Why Storytelling in a Crisis Is Still Storytelling

By Alex Gnibus—Publicist, Grasslands

Like the rest of the PR industry, I’ve spent the past few weeks in a constant state of alert. There have been a few mind-numbing days I’ve felt too frozen to come up with anything. How to go on doing my job—telling my clients’ stories in the press—when there is a massive international crisis looming over every aspect of normal life?

Lately it has felt counterintuitive to continue proactive media outreach, especially for product roundups and lifestyle stories. It can also feel downright trivial when so many frontline workers are dealing with life-or-death issues right now (as we always say, it is PR, not ER). 

But I kept combing through the news and doing a lot of hard thinking about where my clients fit in with all of this. And I realized the stories are still there. Everyday life as we knew it may have come to a halt, but our clients sure haven’t. They are all still working their butts off to keep their businesses going and serve their communities as best they can.

The circumstances are different, but the question that we have always asked ourselves is still the same: How can we tell relevant stories?

Our world is shifting quickly, but that shouldn’t change how we think about crafting narratives that resonate. It was never a good tactic to brainlessly blast out pitches, and it sure isn’t now. We can move forward using the same strategic thinking that we were always using. 

As publicists, we are still adding value to the world by communicating the stories that need to be told. Media strategy in a crisis is still media strategy. Here is how I’ve been approaching my storytelling—and you’ll see that even as things change, PR best practices stay the same:

Understand the landscape when developing your media strategy in a crisis

Read the room! Just as you would in any scenario, keep doing your homework on the people you’re pitching. 

Different media outlets are covering things differently. Thrillist announced it would be covering COVID-19 through its usual lifestyle lens, but from the angle of stay-at-home activities—like frozen pizza reviews. Typical gift guides are still happening in consumer outlets (it’s not like Mother’s Day is cancelled!). Meanwhile, business reporters are focused on direct COVID-19 issues, and vertical trades like Adweek, TechRepublic and Packaging Digest are covering both non-pandemic and pandemic topics.

Just like in more normal times, it all depends on the individual and the outlet.

Be as authentic and transparent as you can

Your clients can be a source of clarity and leadership in a time when readers need it. If they are in a position to share their experiences with media, don’t miss out on the opportunity to give them that platform and potentially inspire others. I’d much rather read a company founder’s frank words about difficult measures they’re taking to address the crisis and know that they are doing their best to be honest and consistent. 

It builds trust and empathy. It also brings optimism.

Not every company will be able to speak to how they’re handling the crisis, and you’ll need to have conversations with clients about how you can best support them. But if you don’t tell your story, someone may tell it for you, and it’s empowering to drive your own narrative.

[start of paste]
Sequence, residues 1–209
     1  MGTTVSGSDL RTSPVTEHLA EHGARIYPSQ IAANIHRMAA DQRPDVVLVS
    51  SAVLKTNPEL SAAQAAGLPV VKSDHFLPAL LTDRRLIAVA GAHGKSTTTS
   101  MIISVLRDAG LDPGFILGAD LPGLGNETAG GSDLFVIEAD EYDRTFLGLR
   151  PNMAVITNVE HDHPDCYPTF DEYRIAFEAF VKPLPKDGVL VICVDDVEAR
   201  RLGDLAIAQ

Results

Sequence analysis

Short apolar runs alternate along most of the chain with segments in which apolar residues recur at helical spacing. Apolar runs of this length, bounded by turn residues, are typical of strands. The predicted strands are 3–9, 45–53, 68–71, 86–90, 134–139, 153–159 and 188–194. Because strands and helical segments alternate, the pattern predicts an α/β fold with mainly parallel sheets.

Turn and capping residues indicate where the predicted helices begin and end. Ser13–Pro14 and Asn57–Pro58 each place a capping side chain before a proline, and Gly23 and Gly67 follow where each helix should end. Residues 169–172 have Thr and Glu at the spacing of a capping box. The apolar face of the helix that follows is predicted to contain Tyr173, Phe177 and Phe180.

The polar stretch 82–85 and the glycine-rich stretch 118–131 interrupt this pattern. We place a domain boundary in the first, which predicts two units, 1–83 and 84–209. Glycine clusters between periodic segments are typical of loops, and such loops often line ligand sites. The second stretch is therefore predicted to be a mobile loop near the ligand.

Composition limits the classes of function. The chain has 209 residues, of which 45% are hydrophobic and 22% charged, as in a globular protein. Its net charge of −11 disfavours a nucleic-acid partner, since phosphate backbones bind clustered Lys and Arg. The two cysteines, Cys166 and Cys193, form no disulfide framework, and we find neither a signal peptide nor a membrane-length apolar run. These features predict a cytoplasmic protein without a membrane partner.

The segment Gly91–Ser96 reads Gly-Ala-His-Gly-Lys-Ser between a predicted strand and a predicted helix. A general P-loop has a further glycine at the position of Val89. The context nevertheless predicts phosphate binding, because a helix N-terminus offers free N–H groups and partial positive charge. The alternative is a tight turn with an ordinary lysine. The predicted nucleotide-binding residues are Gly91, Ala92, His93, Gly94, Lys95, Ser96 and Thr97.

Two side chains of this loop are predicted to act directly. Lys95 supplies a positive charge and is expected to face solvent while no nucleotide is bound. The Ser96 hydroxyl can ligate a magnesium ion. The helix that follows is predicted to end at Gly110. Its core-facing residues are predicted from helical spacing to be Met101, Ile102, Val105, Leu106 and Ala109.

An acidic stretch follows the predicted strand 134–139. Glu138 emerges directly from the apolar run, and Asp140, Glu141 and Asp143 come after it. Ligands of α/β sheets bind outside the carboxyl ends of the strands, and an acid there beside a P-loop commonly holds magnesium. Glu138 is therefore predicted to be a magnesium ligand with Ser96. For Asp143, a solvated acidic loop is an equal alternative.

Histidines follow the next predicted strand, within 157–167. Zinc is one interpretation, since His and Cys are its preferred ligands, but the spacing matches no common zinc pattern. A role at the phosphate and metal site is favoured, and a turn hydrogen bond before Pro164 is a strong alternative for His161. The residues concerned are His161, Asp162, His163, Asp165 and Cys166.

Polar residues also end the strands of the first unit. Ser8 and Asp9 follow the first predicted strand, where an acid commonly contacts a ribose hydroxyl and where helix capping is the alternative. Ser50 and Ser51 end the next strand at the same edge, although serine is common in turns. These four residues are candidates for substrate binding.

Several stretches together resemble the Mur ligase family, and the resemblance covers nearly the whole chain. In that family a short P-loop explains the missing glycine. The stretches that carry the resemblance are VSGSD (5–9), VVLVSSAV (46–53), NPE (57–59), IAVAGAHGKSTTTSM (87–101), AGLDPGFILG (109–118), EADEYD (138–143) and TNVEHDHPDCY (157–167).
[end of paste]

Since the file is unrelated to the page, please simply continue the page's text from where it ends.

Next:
Find the stories that are still there, even if the usual way of doing business isn’t

Maybe your client had to reinvent their business model overnight by pivoting to curbside pickup and online ordering. Maybe they’re hosting virtual events. Maybe they’re closed entirely. Both national media outlets like Fast Company and local outlets like Denver Business Journal are profiling businesses that have been working through the challenges of the crisis, which means you still have opportunity to get quality coverage and drive customer traffic even if you aren’t business as usual. 

And even as things change, some stories stay the same. What aspects of your client can you spend more time focusing the spotlight on? It’s a good time to highlight your badass executives in long-lead profiles, do some product sampling and continue pitching other evergreen topics (like packaging—I always love a cool packaging feature). 

Research consumer trends. What do readers need right now?

Think through the lens of service journalism. People are looking for solutions, whether they’re a business owner looking to other founders for advice or a fitness fanatic missing their Pilates studio. They want ways to restore their normal routines. 

How can your brand help, even in the smallest way? 

This can be anything—DIY haircare tips while readers can’t go to their hair salon. Virtual wine tastings. A guide to edibles. Career advice for networking remotely. We’ve all seen the bread recipes. And my personal favorite: Do I Need To Wear A Bra? Experts Weigh In.

At the end of the day, we also want indulgence and comfort. Even if you don’t think your brand is particularly useful, it still has value. I know I haven’t stopped consuming large amounts of caffeine and chocolate just because things are a disaster. In fact, I am probably eating chocolate because things are a disaster. I’m still all ears for a good self-indulgence story, and so are reporters.

The pandemic may be a new communications challenge, but this is exactly the kind of challenge we’re here for. The work we are doing now is important for brands to connect with their audiences thoughtfully, responsibly and strategically. By continuing to do our jobs, we’re giving our clients a voice and driving the kind of stories that will make a difference—just as we have always done. 

PR pros, we’ve got this. 

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Feature photo: Markus Winkler via Unsplash